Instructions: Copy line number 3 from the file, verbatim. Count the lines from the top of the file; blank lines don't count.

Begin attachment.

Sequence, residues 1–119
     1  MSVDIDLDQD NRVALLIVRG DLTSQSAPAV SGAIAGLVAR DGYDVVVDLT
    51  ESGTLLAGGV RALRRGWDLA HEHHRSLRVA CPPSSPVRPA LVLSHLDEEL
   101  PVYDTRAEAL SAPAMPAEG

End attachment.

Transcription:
    51  ESGTLLAGGV RALRRGWDLA HEHHRSLRVA CPPSSPVRPA LVLSHLDEEL